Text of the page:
Mesenteric ischemia occurs when there is low blood flow to the intestines
or bowel caused by a blockage of the arteries that supply the small and
large intestine with blood flow.
There are three mesenteric arteries that supply blood flow from the heart
to the small and large intestines. Mesenteric artery stenosis (MAS) occurs
when there is a narrowing or blockage in one or more of these arteries.
It may also be caused by a blood clot that moves through the bloodstream,
blocking the mesenteric arteries, this is commonly found in individuals
who possess abnormal heart rhythms.
Mesenteric ischemia may occur in patients with:
- A long history of smoking
- Atrial fibrillation (a fast and irregular heart beat)
- Recent heart attack
Other risk factors include:
Signs of Mesenteric Artery Stenosis:
- High cholesterol
- Hypertension (high blood pressure)
- Lack of physical exercise
- Family history of vascular disease (in particular, peripheral vascular
disease or carotid artery disease)
Symptoms of chronic mesenteric artery stenosis (build up of plaque over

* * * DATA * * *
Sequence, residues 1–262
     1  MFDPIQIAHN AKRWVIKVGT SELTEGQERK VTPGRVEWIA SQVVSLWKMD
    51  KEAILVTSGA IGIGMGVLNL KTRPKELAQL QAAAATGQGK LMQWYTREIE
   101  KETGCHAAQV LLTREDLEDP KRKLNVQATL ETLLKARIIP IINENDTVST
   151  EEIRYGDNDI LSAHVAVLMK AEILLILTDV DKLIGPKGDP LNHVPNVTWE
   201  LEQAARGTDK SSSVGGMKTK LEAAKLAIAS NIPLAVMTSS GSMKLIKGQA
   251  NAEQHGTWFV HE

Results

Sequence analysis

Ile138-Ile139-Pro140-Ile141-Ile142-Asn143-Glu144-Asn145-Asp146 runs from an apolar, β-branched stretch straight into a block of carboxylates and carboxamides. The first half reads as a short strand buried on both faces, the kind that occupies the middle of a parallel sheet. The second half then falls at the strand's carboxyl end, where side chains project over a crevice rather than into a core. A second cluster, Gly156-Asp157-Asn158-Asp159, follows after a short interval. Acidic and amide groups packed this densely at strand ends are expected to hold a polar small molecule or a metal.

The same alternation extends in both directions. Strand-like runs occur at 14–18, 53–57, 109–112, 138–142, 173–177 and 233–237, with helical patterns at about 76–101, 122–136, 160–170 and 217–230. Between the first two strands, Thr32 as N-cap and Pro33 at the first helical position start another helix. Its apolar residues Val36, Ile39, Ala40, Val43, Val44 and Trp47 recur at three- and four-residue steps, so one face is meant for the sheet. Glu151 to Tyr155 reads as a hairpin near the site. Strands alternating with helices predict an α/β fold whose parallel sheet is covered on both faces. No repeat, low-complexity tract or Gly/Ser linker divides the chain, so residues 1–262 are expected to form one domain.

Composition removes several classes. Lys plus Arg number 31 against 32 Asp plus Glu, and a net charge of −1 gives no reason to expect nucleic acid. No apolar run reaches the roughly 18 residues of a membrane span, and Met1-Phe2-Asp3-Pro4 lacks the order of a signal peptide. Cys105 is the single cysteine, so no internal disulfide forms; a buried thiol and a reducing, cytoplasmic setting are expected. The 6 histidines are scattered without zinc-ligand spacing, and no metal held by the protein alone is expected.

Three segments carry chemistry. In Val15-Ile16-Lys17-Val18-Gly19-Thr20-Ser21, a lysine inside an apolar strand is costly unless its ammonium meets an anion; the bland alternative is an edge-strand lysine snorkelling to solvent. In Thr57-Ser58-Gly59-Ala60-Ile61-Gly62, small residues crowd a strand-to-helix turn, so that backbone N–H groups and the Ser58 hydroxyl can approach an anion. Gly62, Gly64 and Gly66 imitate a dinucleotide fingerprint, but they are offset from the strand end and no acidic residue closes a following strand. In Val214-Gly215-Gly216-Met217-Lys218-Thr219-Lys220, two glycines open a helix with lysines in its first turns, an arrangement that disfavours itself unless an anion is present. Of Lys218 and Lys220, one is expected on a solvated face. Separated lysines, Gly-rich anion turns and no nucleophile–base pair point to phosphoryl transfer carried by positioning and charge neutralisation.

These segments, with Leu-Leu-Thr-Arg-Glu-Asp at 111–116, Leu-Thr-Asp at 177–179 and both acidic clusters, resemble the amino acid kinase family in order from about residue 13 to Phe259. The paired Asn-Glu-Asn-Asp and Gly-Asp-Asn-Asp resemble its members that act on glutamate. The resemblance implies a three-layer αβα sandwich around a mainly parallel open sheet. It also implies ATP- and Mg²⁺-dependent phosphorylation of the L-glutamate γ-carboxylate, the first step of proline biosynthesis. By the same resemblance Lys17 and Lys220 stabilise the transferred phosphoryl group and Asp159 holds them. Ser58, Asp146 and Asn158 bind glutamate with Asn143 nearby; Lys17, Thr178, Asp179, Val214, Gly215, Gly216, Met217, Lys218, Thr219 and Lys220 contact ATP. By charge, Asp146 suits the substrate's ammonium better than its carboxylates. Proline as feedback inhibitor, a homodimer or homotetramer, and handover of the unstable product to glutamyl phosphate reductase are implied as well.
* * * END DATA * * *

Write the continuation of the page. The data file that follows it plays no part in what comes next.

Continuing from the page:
time that hardens the arteries include):
- Abdominal pain after eating
- Fear of eating
- Weight loss
Symptoms of sudden mesentery artery stenosis (due to a traveling blood clot):
- Sudden severe abdominal pain
- Lack of appetite
Diagnosis is usually based on a patient's history, symptoms, and physical
examination. Blood tests that may be helpful include white blood cell
( WBC) count and lactic acid levels.
Imaging tests that may show narrowing or blockage in the mesenteric arteries include:
- Duplex ultrasound
- CT Scan
- Mesenteric Angiogram
Chronic Mesenteric Ischemia:
Mesenteric angioplasty and stenting
- This involves opening the narrowed artery using a balloon and inserting
a stent (metal scaffolding) to keep it open. This is done through a small
groin puncture and usually involves overnight hospitalization.
Mesenteric artery bypass
- This involves a large open surgery using artificial bypass graft material
or your own vein to carry blood around the blocked areas in the arteries.
This may involve a hospital stay of several days.
Acute Mesenteric Ischemia:
This is a surgical emergency -- if not promptly treated, it may result
- Open surgery thrombectomy (removing the clot through an open operation)
Thrombolysis (performing an angiogram and using clot busting drugs to break
up the clot).
- This is seldom done in patients.
**There is no medical treatment, per se, for mesenteric ischemia. However,
tobacco cessation, healthy dietary habits, exercise, and drug therapy
(antiplatelet drugs such as aspirin and cholesterol lowering agents) can help to
slow the progression of disease and reduce the risk of recurrence.